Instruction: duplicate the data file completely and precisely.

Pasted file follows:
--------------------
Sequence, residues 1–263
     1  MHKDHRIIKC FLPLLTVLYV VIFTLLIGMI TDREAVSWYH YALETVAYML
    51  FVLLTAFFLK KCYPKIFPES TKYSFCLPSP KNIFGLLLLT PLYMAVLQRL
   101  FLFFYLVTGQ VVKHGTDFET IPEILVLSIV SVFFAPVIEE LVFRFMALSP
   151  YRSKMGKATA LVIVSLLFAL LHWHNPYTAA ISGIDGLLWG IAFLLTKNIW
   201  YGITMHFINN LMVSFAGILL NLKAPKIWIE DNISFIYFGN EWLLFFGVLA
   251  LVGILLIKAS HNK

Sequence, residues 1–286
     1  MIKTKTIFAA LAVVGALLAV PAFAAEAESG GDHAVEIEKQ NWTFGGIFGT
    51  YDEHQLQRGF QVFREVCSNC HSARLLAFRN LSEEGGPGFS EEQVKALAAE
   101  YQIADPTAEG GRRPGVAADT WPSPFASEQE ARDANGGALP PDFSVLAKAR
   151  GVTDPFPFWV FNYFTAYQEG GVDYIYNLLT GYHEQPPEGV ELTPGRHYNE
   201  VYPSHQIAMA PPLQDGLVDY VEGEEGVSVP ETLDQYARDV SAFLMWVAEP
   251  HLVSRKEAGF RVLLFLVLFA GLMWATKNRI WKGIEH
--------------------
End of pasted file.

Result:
Sequence, residues 1–263
     1  MHKDHRIIKC FLPLLTVLYV VIFTLLIGMI TDREAVSWYH YALETVAYML
    51  FVLLTAFFLK KCYPKIFPES TKYSFCLPSP KNIFGLLLLT PLYMAVLQRL
   101  FLFFYLVTGQ VVKHGTDFET IPEILVLSIV SVFFAPVIEE LVFRFMALSP
   151  YRSKMGKATA LVIVSLLFAL LHWHNPYTAA ISGIDGLLWG IAFLLTKNIW
   201  YGITMHFINN LMVSFAGILL NLKAPKIWIE DNISFIYFGN EWLLFFGVLA
   251  LVGILLIKAS HNK

Sequence, residues 1–286
     1  MIKTKTIFAA LAVVGALLAV PAFAAEAESG GDHAVEIEKQ NWTFGGIFGT
    51  YDEHQLQRGF QVFREVCSNC HSARLLAFRN LSEEGGPGFS EEQVKALAAE
   101  YQIADPTAEG GRRPGVAADT WPSPFASEQE ARDANGGALP PDFSVLAKAR
   151  GVTDPFPFWV FNYFTAYQEG GVDYIYNLLT GYHEQPPEGV ELTPGRHYNE
   201  VYPSHQIAMA PPLQDGLVDY VEGEEGVSVP ETLDQYARDV SAFLMWVAEP
   251  HLVSRKEAGF RVLLFLVLFA GLMWATKNRI WKGIEH